What role will institutional investors play in supporting future financial innovation?
Often overlooked, government agencies and institutional investors have played a key role ensuring successful companies and new technologies receive the long-term financing that enabled their development Since the near economic meltdown of 2008, financial innovation as a term has for understandable reasons taken its…
Often overlooked, government agencies and institutional investors have played a key role ensuring successful companies and new technologies receive the long-term financing that enabled their development
Since the near economic meltdown of 2008, financial innovation as a term has for understandable reasons taken its fair share of criticism. When asked what the most important piece of financial innovation he had seen in the past few decades, former US Federal Reserve Chairman, Paul Volcker once famously quipped the automatic teller machine. It’s not hard to see why people have their reservations about over-financialization of the economy and overcomplicating an industry that should essentially act as a utility allocating capital where it’s needed. That said it would be wrong for the Financial Services industry to rest on its laurels and carry on as it is. 2.5 billion people are unbanked around the world while current levels of service and clearing times are far from perfect for people who are lucky enough to have access to Financial Services in the Developed World.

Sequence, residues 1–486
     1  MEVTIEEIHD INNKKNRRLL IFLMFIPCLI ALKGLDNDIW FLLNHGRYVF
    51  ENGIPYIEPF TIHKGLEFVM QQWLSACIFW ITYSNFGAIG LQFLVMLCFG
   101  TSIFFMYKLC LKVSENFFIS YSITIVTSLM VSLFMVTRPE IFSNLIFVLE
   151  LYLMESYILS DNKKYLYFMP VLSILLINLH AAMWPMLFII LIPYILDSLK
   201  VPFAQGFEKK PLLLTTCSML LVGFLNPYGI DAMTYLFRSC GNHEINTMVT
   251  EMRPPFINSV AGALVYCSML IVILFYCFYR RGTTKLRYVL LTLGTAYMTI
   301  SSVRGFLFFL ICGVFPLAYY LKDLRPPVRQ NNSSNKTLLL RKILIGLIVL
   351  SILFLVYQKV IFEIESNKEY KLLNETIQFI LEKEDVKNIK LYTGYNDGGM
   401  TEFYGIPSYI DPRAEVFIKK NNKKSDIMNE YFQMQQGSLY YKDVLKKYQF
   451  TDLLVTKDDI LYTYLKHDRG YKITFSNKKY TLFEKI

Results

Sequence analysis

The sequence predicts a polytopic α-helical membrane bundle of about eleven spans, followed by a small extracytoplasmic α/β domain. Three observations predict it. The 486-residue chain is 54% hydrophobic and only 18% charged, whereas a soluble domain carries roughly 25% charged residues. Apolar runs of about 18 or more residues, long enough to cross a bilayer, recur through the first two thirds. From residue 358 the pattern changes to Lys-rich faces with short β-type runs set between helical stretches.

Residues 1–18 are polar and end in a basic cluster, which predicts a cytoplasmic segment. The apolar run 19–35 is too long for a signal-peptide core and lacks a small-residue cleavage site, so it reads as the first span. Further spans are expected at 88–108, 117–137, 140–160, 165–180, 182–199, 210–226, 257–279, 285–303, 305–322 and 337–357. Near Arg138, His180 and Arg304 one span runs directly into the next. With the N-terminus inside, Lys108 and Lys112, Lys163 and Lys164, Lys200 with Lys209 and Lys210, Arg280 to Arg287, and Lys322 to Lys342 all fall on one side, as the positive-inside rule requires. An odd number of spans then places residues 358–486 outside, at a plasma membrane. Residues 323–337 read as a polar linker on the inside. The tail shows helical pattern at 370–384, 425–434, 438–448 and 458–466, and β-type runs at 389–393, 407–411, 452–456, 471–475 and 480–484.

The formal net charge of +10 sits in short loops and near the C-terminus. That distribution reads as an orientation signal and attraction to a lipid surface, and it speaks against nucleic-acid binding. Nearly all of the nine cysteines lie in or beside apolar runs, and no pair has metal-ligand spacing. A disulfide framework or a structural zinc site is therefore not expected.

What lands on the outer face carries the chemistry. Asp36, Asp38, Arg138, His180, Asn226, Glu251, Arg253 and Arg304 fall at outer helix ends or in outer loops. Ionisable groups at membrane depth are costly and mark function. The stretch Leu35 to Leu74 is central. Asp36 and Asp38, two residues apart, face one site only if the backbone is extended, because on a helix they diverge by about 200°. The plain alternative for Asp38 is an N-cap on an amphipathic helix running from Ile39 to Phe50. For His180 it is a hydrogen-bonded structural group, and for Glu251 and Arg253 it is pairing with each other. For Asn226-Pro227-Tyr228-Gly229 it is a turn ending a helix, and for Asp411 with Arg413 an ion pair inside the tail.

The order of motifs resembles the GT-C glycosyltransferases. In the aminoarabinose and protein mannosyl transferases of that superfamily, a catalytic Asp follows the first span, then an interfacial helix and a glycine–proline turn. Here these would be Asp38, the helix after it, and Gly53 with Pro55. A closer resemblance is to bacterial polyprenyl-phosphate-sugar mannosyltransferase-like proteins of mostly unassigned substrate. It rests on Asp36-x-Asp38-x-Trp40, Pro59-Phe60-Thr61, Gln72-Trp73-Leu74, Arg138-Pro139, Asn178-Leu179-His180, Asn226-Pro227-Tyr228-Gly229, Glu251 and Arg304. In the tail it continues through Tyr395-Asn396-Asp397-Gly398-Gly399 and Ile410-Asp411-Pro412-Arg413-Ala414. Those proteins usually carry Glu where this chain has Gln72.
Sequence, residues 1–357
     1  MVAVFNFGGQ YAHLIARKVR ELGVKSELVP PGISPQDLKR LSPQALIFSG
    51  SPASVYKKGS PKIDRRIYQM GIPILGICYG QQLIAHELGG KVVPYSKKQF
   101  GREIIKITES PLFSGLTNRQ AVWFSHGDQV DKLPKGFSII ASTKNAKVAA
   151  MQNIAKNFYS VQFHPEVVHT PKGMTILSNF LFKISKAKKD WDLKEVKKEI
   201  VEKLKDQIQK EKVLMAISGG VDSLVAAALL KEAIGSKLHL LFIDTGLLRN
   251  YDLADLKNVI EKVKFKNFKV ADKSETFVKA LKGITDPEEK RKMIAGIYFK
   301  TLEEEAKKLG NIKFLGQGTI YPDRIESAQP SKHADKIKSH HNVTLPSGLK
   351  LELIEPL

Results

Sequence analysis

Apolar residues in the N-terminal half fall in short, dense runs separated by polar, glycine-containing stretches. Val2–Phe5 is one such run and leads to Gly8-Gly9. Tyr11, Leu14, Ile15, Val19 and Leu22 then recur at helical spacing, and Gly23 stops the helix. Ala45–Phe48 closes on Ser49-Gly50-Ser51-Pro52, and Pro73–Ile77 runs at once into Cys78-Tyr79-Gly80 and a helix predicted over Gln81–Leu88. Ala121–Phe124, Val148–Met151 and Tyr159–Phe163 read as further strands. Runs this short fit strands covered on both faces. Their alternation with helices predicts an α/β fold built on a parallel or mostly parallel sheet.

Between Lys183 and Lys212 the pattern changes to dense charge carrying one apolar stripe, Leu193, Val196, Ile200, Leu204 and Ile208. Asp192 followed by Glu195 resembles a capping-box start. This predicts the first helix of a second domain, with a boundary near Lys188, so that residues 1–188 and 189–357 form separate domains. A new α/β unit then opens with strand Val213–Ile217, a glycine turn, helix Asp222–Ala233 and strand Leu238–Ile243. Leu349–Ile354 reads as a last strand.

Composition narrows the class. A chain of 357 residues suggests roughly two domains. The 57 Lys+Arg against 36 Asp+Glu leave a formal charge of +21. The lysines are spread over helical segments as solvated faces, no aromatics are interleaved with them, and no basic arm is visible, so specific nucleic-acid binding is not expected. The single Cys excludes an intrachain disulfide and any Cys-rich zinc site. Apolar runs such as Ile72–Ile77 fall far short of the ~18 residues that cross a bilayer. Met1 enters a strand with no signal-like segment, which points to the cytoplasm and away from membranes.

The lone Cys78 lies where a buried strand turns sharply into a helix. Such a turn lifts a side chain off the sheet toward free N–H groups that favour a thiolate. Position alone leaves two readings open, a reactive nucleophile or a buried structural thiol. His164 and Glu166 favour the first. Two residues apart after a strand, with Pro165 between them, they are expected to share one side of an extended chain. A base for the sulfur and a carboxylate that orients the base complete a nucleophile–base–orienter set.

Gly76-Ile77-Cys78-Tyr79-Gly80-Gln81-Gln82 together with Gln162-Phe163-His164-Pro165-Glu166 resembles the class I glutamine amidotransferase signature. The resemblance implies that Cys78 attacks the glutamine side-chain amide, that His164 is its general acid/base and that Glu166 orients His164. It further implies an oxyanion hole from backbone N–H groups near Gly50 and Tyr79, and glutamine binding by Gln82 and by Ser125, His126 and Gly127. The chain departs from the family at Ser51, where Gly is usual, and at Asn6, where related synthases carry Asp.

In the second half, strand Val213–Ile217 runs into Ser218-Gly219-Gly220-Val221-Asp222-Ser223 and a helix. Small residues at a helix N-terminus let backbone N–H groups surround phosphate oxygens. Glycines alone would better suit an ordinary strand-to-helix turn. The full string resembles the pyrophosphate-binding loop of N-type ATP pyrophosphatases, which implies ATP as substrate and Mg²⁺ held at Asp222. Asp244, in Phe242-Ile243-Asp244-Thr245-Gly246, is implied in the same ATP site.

Future of Finance
Since the Ethereum blockchain successfully completed the Shanghai upgrade in April this year, it’s important to ask what is the point of Financial Services and what role does innovation play? As a team we see Ethereum as the future of decentralized finance, and for it to succeed as a serious competitor to fiat-based economies it will need secure and reliable partners that provide a range of services to support the ecosystem. Smart contracts based on Ethereum’s code have the potential to bank the unbanked and remove friction within the current financial plumbing that could save time and money. Areas such as: remittances, intellectual property for artists, logistics and trading could all be transformed through decentralized applications (DApps), however this industry is still in its infancy and platforms are still relatively small in scale with few real world use cases. Traditionally governments have led the way in helping to create and shape markets/systems for new technologies that have their origins in defense spending or corporate research laboratories. Due to the dispersed nature of blockchain technology platforms used by hundreds of millions of people around the world, it’s very hard for governments to shape and direct how it’s deployed in the way it has done with previous technological leaps such as Information Technology and Internet use.
Fostering future technological innovation